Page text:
Ban the sale of real fur and down in Scotland

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Over the past year or so there appears to have been an upturn in the popularity of coats containing real fur and down feathers - Canada Goose being the brand that seems particularly on-trend. Whether or not those buying such clothing are aware that the fur they wear is real or the means by which it is obtained is not always clear; it is reasonable to assume that some do and some don't. However, I firmly believe that the majority of people are, like me, disgusted by the use of real furs, due in no small part to the particularly cruel means by which they are obtained - by way of traps which see defenceless, wild animals trapped, often gnawing at their flesh in an attempt to free themselves or otherwise injuring themselves in the hours and sometimes days wait they have before the trapper returns to kill them - these are the actions of a sentient being, desperate for their freedom, for their life, free to live with their own fur on their back.

Moreover, traps are non-selective - often the intended target is not the victim.

Then there are fur farms, banned in Scotland in 2002 (although the last such farm closed in '93) but currently supplying approx 80% of fur used worldwide - mink and foxes among the most widely farmed, with the market producing approx 50 millions mink-pelts alone, 100 million overall including various animals - an obscene number. China, the largest producer of fur and finished fur products are noted to keep animals in particularly unhealthy, cruel environments; having very few protections in place such as those in the EU. However, there is no protection short of an outright ban that can end the needless cruelty committed to satisfy nothing more than human vanity.

China also produces the most down, 80% of the worldwide supply. Geese and ducks are also subjected to considerable cruelty, leading miserable lives in horrific conditions - only to die painfully, often having their feathers ripped from their flesh, which, if torn is sewn without anesthetic or painkillers - a process with happens multiple times (as in the Capitalist norm - to maximise productivity / profits) before the bird is eventually killed; that's if the trauma of live plucking hasn't already killed them. This is not to say that being raised in such conditions and being killed before being plucked is any better.

Subjecting other beings to such needless cruelty is almost beyond description; hours, days, lifetimes spent in abject misery - at the very least living in deeply uncomfortable, unstimulating environments, before prematurely losing their life simply to provide us with a 'product' which serves no purpose so vital or uniquely so as to warrant its existence. In the modern world, there is no purpose for which fur / down is used which cannot be served equally well by synthetic materials - people on Sauchiehall Street, wearing coats of synthetic materials are no closer to death caused by low temperatures than those in Canada Goose apparel. Moreover, there is little if any aesthetic difference, proven by the fact that many, perhaps most simply don't know what is and isn't real - with many unaware they own real fur.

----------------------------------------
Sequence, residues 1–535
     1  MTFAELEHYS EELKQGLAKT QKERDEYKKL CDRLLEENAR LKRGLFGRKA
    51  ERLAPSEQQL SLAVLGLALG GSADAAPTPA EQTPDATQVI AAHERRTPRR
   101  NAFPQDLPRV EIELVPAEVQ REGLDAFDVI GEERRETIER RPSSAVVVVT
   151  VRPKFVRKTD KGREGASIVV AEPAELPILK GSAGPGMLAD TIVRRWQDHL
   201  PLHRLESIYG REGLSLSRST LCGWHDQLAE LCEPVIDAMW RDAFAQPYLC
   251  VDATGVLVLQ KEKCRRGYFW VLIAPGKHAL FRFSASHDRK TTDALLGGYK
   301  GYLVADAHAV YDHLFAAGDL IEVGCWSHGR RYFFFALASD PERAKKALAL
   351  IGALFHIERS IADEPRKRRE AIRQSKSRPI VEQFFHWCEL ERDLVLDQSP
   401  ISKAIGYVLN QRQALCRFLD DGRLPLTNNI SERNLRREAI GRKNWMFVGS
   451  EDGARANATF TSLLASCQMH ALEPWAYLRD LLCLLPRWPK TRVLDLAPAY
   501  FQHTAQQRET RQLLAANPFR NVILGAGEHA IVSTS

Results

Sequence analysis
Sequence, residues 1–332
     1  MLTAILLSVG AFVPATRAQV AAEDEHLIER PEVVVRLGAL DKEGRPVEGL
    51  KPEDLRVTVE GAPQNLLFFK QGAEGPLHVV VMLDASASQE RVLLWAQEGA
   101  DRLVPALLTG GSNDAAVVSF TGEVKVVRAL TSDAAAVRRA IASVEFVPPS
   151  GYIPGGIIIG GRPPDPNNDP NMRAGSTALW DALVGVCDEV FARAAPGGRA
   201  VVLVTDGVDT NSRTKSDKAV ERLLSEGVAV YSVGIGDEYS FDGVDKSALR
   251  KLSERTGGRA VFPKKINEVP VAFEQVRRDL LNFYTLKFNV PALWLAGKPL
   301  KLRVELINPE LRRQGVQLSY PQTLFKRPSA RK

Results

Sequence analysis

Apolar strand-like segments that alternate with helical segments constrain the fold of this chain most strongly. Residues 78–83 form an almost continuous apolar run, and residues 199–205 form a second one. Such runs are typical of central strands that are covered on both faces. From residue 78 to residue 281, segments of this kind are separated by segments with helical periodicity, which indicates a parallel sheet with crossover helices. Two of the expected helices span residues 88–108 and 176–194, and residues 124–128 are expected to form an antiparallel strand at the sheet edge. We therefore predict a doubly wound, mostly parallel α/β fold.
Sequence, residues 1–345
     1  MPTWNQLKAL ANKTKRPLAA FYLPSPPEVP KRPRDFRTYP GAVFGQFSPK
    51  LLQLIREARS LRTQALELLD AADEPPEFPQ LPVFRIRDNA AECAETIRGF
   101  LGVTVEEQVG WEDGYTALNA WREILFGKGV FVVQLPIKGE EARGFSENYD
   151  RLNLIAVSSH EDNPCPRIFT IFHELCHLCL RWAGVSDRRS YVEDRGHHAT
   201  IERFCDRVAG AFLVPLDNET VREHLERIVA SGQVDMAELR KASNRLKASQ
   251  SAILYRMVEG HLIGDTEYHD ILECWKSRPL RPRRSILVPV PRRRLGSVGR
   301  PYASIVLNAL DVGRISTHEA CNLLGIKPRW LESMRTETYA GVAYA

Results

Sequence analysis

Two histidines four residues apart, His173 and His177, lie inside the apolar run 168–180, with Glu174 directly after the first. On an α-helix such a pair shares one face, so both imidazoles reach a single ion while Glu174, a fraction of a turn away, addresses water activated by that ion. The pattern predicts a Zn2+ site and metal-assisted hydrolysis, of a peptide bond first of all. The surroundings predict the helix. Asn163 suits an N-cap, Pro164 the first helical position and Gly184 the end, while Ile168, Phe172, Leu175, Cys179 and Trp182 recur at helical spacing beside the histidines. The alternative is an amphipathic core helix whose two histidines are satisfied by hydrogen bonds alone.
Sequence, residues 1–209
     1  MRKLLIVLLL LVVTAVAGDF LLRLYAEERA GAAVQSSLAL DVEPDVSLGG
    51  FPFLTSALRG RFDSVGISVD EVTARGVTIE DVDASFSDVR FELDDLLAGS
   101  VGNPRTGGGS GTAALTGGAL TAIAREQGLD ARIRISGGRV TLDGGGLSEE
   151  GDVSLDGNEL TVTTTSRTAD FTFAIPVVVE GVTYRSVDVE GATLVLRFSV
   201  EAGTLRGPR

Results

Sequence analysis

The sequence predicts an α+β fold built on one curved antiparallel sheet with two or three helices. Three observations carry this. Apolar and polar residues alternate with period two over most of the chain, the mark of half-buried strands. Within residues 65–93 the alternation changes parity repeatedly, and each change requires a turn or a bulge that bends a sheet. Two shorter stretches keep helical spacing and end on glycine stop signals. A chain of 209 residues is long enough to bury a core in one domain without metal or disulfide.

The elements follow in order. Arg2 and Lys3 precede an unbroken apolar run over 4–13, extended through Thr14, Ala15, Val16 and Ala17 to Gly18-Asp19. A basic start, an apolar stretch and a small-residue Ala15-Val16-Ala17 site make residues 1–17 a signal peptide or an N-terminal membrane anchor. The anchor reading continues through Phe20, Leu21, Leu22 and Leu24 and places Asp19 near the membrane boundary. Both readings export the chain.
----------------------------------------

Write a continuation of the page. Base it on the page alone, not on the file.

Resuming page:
I don't exaggerate the cruelty of these situations for effect, or because of some other agenda - this is the reality of the commodification of animals.

Fur farming was banned in England and Wales in 2000 and in Scotland in 2002 - so, if it is too cruel an industry to have on our shores then how can we justify supporting it elsewhere, where we have considerably less control over it.

I believe the Scottish Government may already have the necessary powers to ban this now, given a consultation on Animal By-Products in 2010 - http://www.gov.scot/Publications/2010/08/19161058/3

However, with Brexit talks ongoing, there may be the opportunity to seek the devolution of these powers if they are not currently available and instead dictated by EU or UK level policy.

The UK Government can't be trusted on animal welfare, given their track record. In response to an open petition (which ends in March and has over 50,000 signatures), the UK Government said, "While some fur products may never be legally imported into the UK the Government’s view is that national bans are less effective than working at an international level on animal welfare standards." Going on to say they were helping phase out cruel and inhumane practice as well as encouraging an outright ban on particular species, such as cats and dogs. I see all production as cruel and inhumane and do not differentiate species in such ways, no animal is more or less important than any other.

Moreover, a full ban does not disable us from continuing to work on an International level. I believe the UK Government's answer to be a total cop out and hope that the Scottish Government won't take such a view but instead takes the most direct and meaningful action - ensuring the closure of the market for fur and down in Scotland; there is no more important step to ending cruelty than simply ending your participation in it.



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